Source: Institute for Energy Economics and Financial Analysis
More red flags point to industry in decline
March 19, 2019 (Sightline/IEEFA) — Record-setting oil and gas production in Q4 did not lead to corresponding financial success. To the contrary, U.S. fracking-focused companies “spilled alarming volumes of red ink in 2018,” according to a report released today by the Sightline Institute and the Institute for Energy Economics and Financial Analysis (IEEFA).
The joint analysis examined performance results from a cross-section of 29 publicly-traded, fracking-focused oil and gas companies. They concluded that these companies posted $6.7 billion negative free cash flows in 2018.
“The companies we examined spent $6.7 billion more on drilling than they realized from selling oil and gas,” said Clark Williams Derry, energy analyst at Sightline Institute and lead author of the report. “During the fourth quarter alone, this cross-section of exploration and production companies outspent their operating cash flows by more than $2 billion.”
“Until fracking companies can demonstrate that they can produce cash as well as hydrocarbons, investors would be wise to view the fracking sector as a speculative enterprise with weak and uncertain fundamentals,” the report concluded.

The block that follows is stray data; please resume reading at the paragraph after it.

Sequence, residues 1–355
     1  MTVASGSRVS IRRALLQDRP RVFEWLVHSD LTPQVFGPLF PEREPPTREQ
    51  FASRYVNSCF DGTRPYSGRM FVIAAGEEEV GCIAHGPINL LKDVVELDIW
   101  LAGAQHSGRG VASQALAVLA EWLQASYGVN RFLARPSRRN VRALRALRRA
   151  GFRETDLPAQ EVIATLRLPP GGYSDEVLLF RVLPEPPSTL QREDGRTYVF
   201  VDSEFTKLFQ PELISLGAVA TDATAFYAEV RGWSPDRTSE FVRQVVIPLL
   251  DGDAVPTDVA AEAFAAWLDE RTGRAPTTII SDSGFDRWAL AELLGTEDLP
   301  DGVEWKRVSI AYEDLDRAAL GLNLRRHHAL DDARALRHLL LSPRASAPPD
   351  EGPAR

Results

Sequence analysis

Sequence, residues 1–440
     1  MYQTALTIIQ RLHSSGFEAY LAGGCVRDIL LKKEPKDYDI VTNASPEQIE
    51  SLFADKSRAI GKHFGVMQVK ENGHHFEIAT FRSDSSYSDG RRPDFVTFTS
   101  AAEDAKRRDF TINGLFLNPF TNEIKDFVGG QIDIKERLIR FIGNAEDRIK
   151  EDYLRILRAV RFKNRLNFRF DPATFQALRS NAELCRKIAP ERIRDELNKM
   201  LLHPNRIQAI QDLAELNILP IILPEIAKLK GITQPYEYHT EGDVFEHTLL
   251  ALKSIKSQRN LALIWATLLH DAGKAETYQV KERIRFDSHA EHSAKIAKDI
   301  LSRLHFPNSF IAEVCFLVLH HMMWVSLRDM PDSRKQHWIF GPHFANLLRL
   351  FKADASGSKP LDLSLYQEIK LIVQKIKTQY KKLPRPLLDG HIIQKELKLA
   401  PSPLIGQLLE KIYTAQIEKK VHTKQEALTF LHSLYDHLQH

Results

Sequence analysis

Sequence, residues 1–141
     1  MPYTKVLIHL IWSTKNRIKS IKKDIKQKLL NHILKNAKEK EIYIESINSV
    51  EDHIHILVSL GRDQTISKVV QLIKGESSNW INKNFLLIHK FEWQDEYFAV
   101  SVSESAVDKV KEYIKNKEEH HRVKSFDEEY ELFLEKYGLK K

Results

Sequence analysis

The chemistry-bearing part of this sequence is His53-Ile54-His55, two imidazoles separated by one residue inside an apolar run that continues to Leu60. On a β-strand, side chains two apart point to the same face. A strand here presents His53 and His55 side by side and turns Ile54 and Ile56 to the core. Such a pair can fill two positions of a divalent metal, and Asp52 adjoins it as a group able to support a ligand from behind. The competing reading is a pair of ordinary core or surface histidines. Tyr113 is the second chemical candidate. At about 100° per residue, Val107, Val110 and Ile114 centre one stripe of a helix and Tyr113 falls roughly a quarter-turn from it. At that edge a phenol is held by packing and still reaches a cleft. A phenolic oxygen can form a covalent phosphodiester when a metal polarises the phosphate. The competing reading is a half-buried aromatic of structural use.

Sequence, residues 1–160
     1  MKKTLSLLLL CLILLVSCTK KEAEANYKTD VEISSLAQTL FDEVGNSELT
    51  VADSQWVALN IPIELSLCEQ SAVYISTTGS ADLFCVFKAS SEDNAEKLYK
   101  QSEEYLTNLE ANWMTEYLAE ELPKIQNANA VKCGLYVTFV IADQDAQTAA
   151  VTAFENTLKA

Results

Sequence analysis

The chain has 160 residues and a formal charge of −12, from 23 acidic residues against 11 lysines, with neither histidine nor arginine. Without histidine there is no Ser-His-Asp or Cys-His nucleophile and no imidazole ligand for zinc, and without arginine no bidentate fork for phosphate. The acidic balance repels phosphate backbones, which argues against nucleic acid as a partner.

Full report here: “More Red Flags on Fracking: Cash Flows Still Negative”
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Sightline Institute promotes sustainable policy and monitors regional sustainability progress in the U.S. More can be found at www.sightline.org.
The Institute for Energy Economics and Financial Analysis conducts research and analyses on financial and economic issues related to energy and the environment. The Institute’s mission is to accelerate the transition to a diverse, sustainable and profitable energy economy. www.ieefa.org